Media, Perceptions, and Coffee

I’m almost reluctant to weigh in on this topic, because I think it has already been blown way out of all proportion and received way more publicity than necessary. However, seeing as how it’s something on people’s minds, and this is a personal blog to note some of my thoughts, I’ll indulge a bit.

First, the facts. Starbucks Coffee customarily produces a ‘holiday cup’ each year. Usually the design includes something like snowflakes, sleds, snowmen, etc. This year, the cup is simply a red cup. A young man from Arizona, Joshua Feuerstein, (who already seems to have a bitter dislike for Starbucks for such outrageous positions as not wanting people to wear guns inside their stores) decided to complain about the cup. So, he took to Youtube and posted a video blasting the red cup as being anti-Christian. Whenever we hear that ‘some Christians’ are upset by the cup, it’s very much worth noting that specifically, ONE person was upset by the Starbucks cup-he just happens to be a person with an audience. (http://www.snopes.com/starbucks-red-christmas-cups/)

That brings me to perceptions. I’m not generally of the conspiracy-theory sort, and I get easily tired of the ‘media hates Christians’ narrative that we’re so often exposed to. There are times though, that I believe media is simply clueless. Not necessarily hateful, but at least either unwilling or unable to distinguish between what a couple of loud guys SAY Christians believe, and what Christians ACTUALLY believe. There are at best a tiny handful of people ‘offended’ by red holiday cups, and most seem mostly concerned with drumming up controversy and publicity for themselves (such as Donald Trump, who weighed in against Starbucks-looking yet again extremely awkward when trying to discuss anything remotely related to the Christian faith.) So, to clarify, the vast majority of Christians do not care one bit about the color of their holiday cups. To clear up other recent misconceptions: The vast majority of Christians do not picket funerals in some misplaced obsession over homosexuality (ie. Westboro ‘Baptist Church’- which is actually the single, well travelled extended family of Fred Phelps) and the vast majority of Christians do not set a date for Christ’s return (remember the 2011 ‘Rapture’ predictions? From the guy, Harold Camping, who also told us that we should not go to church at all?) Christianity is the professed faith of over 70% of Americans, and yet American media seems virtually clueless as to what the majority of these people actually believe, and instead seems determined to give voice to the occasional fanatical character who, often, only has the most tenuous connection to the broader Church. If you want to do good reporting about what Christians believe-learn what we actually believe-and please don’t take it from Fred Phelps or Harold Camping or Joshua Feuerstein’s axe to grind against Starbucks. Instead, perhaps try St. Augustine, or Martin Luther. Or if you prefer on-camera interviews- someone like Russell Moore, or Justin Welby. There are plenty of Christians more than willing to give thoughtful, grounded insights on culture and ethics, and those are the ones who deserve a hearing.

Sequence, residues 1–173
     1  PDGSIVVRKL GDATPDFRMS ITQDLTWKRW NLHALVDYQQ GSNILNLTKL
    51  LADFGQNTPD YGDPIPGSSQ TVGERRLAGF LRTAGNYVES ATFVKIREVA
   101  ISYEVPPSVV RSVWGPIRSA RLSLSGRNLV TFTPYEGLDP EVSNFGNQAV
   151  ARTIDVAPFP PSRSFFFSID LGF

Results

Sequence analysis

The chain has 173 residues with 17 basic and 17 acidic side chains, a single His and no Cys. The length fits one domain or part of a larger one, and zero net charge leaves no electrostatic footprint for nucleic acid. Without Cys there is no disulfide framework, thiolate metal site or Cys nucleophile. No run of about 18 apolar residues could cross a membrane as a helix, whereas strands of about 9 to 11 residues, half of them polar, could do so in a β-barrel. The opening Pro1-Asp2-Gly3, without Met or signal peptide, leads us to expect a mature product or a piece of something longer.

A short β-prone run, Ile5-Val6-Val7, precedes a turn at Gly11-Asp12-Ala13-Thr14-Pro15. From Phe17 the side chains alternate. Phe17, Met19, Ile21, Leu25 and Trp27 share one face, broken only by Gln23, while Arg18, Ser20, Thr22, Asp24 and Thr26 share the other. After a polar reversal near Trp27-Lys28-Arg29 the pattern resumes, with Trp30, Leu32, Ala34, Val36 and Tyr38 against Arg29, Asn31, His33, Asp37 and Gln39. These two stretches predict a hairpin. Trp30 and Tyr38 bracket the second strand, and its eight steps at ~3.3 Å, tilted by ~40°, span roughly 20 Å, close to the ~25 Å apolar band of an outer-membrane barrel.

Now, to our perceptions as Christians. Open Doors ministry publishes a list every year about countries where Christians face persecution. The United States is not on that list. Not only that, but a number of countries that have laws much more restrictive on religious people than the United States are also not on that list. My friends, we need to face up to the fact that in the United States, we as Christians are not persecuted. When a company uses a red cup instead of a snowflake cup to allude to the winter holiday season, that does not equate to persecution of Christians. In this country, we have more freedom than  almost any other in the world to practice and voice our faith as we see fit. This is not something we should take for granted, but it is certainly something that we should realize and express our gratitude for, instead of complaining every time someone else does not share our view. We are not called by God to demand that people send good wishes on our holiday using the magic words we want. We are not called to force our own brand of political correctness by requiring people observe our holidays (though historically, a number of Protestant Christians in our part of the world doubted that Christmas could even be considered a Christian holiday). We are called to go into all the world and make disciples of all nations. We are called to love and support our brothers & sisters in other nations who face real persecution. Controversies over things like coffee cup colors and public holiday displays don’t pursue those goals-they cheapen them and make a caricature of the Christian faith. We need to call out those who claim the mantle of Christianity to further their own petty purposes. We need to be bigger than that, because God is bigger than us, bigger than our country, and bigger than a cup of Coffee.